In the United States alone, over 16 million cases of type 2 diabetes involve women. Men receive the diagnosis from their doctors more often, but women are more likely to develop critical complications.
Type 2 diabetes, simply put, is a chronic condition in the human body. The cells don’t receive adequate blood sugar for energy because they become less responsive to insulin. Insulin is the hormone that acts like a key that unlocks cell walls to allow blood sugar to enter. If the cells do not respond to the insulin, blood sugar floats in the blood and cannot do its job.
The female gender has unique circumstances that give a higher statistical rate than the male gender of experiencing complications from type 2 diabetes. Those complications include but are not limited to heart disease, kidney disease, stroke, dementia, depression, or anxiety.
Studies have explored one factor that may show why women have more health complications. Research has shown the sex hormone estrogen protects the female body from heart disease and kidney disease.
Women’s bodies don’t respond as well to the protection estrogen provides when blood sugars are too high.
Estrogen also modifies the production and the effects of endorphins, the “feel-good “ chemicals. So if diabetes alters estrogen levels, women run the risk of experiencing depression and anxiety.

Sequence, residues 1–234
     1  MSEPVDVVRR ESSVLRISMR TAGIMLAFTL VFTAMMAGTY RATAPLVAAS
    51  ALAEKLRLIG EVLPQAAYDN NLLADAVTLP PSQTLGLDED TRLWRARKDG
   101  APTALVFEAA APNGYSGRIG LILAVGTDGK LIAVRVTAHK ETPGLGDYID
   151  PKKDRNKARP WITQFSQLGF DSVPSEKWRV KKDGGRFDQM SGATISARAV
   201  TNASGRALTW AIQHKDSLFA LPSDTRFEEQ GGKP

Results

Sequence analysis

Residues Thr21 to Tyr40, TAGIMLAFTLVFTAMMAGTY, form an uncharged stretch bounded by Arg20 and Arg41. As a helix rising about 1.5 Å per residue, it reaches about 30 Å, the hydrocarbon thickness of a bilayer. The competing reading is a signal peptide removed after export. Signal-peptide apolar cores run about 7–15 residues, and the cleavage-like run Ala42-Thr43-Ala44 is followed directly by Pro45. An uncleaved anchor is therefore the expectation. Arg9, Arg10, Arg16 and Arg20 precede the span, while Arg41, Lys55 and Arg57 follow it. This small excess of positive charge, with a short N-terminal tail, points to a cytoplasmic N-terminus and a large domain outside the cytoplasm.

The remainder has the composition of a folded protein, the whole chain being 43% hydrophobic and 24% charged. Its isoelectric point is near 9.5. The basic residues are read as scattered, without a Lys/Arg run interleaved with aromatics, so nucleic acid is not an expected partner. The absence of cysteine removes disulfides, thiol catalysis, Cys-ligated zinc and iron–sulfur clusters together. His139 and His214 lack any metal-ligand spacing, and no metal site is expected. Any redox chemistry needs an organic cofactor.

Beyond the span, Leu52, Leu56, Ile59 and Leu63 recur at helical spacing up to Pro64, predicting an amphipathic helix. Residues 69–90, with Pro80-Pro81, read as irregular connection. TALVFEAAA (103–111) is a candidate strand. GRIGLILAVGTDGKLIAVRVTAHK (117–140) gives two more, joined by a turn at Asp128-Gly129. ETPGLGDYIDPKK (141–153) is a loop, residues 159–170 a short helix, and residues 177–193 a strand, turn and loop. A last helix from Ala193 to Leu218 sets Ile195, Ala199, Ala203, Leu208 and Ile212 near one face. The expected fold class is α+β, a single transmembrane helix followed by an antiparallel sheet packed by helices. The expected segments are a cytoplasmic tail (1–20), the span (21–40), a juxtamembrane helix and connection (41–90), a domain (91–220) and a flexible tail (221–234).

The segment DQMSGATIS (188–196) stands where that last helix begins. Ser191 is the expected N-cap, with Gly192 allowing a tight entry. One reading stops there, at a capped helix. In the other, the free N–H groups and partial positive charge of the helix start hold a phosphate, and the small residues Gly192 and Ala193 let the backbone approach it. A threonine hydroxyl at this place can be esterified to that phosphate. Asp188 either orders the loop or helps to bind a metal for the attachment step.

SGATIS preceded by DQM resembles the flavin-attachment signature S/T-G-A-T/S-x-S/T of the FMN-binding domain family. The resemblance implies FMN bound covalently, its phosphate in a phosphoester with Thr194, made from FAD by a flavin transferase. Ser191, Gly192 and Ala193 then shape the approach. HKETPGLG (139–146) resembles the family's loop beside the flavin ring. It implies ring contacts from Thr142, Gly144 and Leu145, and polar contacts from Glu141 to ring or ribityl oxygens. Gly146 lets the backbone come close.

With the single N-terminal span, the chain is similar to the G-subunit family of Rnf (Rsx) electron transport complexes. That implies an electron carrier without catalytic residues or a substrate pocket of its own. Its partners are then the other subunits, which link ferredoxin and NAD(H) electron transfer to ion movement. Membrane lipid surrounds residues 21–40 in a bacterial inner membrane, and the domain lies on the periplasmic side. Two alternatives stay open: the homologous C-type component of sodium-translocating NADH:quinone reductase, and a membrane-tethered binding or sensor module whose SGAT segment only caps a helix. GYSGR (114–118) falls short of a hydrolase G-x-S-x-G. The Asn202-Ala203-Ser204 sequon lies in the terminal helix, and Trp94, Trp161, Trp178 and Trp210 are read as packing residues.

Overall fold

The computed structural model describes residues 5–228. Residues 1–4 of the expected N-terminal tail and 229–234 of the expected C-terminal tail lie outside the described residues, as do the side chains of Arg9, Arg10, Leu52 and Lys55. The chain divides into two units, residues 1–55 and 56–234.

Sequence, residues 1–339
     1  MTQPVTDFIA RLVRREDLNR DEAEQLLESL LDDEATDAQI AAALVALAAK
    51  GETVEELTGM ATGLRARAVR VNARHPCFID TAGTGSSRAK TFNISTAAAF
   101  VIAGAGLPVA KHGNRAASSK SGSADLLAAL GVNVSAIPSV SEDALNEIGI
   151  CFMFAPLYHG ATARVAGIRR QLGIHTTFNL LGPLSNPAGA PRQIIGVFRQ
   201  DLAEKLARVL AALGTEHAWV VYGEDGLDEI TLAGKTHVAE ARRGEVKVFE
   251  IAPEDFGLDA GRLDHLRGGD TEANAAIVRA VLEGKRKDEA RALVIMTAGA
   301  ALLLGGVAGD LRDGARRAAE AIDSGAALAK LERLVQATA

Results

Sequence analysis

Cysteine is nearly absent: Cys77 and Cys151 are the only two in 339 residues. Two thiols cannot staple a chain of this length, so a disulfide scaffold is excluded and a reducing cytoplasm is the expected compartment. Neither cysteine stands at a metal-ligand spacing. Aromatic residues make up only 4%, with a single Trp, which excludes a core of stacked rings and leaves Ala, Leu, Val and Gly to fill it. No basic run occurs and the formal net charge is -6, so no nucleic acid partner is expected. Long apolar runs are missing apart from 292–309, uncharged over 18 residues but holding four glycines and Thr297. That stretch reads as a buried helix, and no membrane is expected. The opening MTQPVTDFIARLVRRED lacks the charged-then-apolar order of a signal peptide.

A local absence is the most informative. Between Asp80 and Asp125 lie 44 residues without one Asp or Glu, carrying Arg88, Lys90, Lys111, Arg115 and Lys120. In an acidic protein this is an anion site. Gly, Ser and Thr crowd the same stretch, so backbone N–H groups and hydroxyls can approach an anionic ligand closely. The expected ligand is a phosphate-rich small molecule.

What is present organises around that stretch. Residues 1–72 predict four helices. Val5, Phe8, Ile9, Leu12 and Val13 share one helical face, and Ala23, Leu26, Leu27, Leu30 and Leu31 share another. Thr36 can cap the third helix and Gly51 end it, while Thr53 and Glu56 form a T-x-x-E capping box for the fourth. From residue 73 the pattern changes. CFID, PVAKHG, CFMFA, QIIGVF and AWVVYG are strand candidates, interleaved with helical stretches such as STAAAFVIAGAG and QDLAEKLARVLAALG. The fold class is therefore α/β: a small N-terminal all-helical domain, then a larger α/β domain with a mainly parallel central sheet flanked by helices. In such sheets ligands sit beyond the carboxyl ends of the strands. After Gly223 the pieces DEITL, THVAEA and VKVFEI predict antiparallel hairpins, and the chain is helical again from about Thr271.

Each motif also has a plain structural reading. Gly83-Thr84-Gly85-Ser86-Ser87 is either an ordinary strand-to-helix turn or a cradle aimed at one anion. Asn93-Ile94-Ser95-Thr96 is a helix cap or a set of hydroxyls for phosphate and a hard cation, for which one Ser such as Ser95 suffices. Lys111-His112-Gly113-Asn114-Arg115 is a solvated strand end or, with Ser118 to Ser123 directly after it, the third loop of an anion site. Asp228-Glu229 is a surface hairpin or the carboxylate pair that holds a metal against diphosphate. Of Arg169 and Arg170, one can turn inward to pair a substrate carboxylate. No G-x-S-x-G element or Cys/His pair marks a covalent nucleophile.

Another possible reason women have more health complications may be the need for women to care for others more often than providing necessary care for themselves. Many women frequently succumb to the demands of the family instead of viewing their body’s needs as a priority.
Type 2 diabetes is a hazardous health condition that requires close monitoring by both patient and physician. Lifestyle changes that include maintaining a healthy weight, routine exercising, avoiding smoking, and consistent blood sugar monitoring will enhance the advice and medications prescribed by the physician. Some of recommended medications have serious side effects and are poorly tolerated, leading to poor compliance with medication protocol.
Many women and men have been able to reverse and/or control diabetes without using any medications. How you might ask?
There is no such thing as a perfect diet for diabetes management that has proven successful–there has been a variety of healthy eating styles. Close monitoring of blood sugar levels can help individuals realize what foods have the most dramatic effect on their bodies.
Diet recommendations that are commonly agreed upon by the medical community are:
- Consume more non-starchy vegetables
- Minimize ANY added sugars and refined grains
- Choose whole foods and NOT eating packaged shelf products
- Reduce or avoiding bread
- Eliminate fried foods
- Avoid heavy gravies and sauces
- Drink water as your primary beverage
Studies of type 2 diabetes encourage that patients be thoroughly educated about their condition and have support from family and friends. Armed with knowledge and purpose, the person with type 2 diabetes can make the lifestyle changes necessary for their success.
It is a MUST HAVE tool that is at your disposal and should be used daily or minimum 5 times a week. Type of exercise is very important! Strength training or resistance training with bands or weights is crucial to improve or reverse insulin resistance, and ultimately help you lose weight.